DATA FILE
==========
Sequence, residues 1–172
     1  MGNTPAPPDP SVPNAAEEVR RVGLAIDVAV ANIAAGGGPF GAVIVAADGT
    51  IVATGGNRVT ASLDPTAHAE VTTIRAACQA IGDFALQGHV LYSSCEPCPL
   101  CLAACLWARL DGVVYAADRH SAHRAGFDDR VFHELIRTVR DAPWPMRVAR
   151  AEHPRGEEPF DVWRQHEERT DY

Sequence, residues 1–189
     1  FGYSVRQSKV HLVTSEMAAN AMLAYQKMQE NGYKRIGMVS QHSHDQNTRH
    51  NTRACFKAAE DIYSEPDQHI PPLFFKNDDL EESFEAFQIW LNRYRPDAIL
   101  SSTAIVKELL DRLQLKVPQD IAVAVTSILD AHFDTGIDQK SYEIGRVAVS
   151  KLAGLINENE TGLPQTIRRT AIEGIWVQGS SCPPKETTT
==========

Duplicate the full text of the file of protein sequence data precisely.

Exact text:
Sequence, residues 1–172
     1  MGNTPAPPDP SVPNAAEEVR RVGLAIDVAV ANIAAGGGPF GAVIVAADGT
    51  IVATGGNRVT ASLDPTAHAE VTTIRAACQA IGDFALQGHV LYSSCEPCPL
   101  CLAACLWARL DGVVYAADRH SAHRAGFDDR VFHELIRTVR DAPWPMRVAR
   151  AEHPRGEEPF DVWRQHEERT DY

Sequence, residues 1–189
     1  FGYSVRQSKV HLVTSEMAAN AMLAYQKMQE NGYKRIGMVS QHSHDQNTRH
    51  NTRACFKAAE DIYSEPDQHI PPLFFKNDDL EESFEAFQIW LNRYRPDAIL
   101  SSTAIVKELL DRLQLKVPQD IAVAVTSILD AHFDTGIDQK SYEIGRVAVS
   151  KLAGLINENE TGLPQTIRRT AIEGIWVQGS SCPPKETTT